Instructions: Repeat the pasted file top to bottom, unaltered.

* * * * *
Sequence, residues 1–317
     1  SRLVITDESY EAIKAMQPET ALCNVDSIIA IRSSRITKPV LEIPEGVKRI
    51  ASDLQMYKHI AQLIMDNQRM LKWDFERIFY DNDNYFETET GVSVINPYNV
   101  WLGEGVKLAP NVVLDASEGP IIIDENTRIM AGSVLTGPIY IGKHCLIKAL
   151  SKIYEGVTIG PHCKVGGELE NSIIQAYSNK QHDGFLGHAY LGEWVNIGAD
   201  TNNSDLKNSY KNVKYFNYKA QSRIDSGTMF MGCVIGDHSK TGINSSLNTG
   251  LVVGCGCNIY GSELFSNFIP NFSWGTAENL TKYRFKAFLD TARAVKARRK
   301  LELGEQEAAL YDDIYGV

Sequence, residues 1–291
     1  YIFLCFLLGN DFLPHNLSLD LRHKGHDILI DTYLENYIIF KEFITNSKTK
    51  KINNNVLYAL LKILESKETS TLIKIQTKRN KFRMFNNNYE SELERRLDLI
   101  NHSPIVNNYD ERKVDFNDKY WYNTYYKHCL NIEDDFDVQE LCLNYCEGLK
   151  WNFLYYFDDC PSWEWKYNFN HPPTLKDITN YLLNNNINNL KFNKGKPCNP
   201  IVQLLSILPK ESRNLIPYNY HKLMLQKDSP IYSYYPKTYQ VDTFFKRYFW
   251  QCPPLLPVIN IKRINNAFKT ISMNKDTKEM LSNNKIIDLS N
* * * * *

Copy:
Sequence, residues 1–317
     1  SRLVITDESY EAIKAMQPET ALCNVDSIIA IRSSRITKPV LEIPEGVKRI
    51  ASDLQMYKHI AQLIMDNQRM LKWDFERIFY DNDNYFETET GVSVINPYNV
   101  WLGEGVKLAP NVVLDASEGP IIIDENTRIM AGSVLTGPIY IGKHCLIKAL
   151  SKIYEGVTIG PHCKVGGELE NSIIQAYSNK QHDGFLGHAY LGEWVNIGAD
   201  TNNSDLKNSY KNVKYFNYKA QSRIDSGTMF MGCVIGDHSK TGINSSLNTG
   251  LVVGCGCNIY GSELFSNFIP NFSWGTAENL TKYRFKAFLD TARAVKARRK
   301  LELGEQEAAL YDDIYGV

Sequence, residues 1–291
     1  YIFLCFLLGN DFLPHNLSLD LRHKGHDILI DTYLENYIIF KEFITNSKTK
    51  KINNNVLYAL LKILESKETS TLIKIQTKRN KFRMFNNNYE SELERRLDLI
   101  NHSPIVNNYD ERKVDFNDKY WYNTYYKHCL NIEDDFDVQE LCLNYCEGLK
   151  WNFLYYFDDC PSWEWKYNFN HPPTLKDITN YLLNNNINNL KFNKGKPCNP
   201  IVQLLSILPK ESRNLIPYNY HKLMLQKDSP IYSYYPKTYQ VDTFFKRYFW
   251  QCPPLLPVIN IKRINNAFKT ISMNKDTKEM LSNNKIIDLS N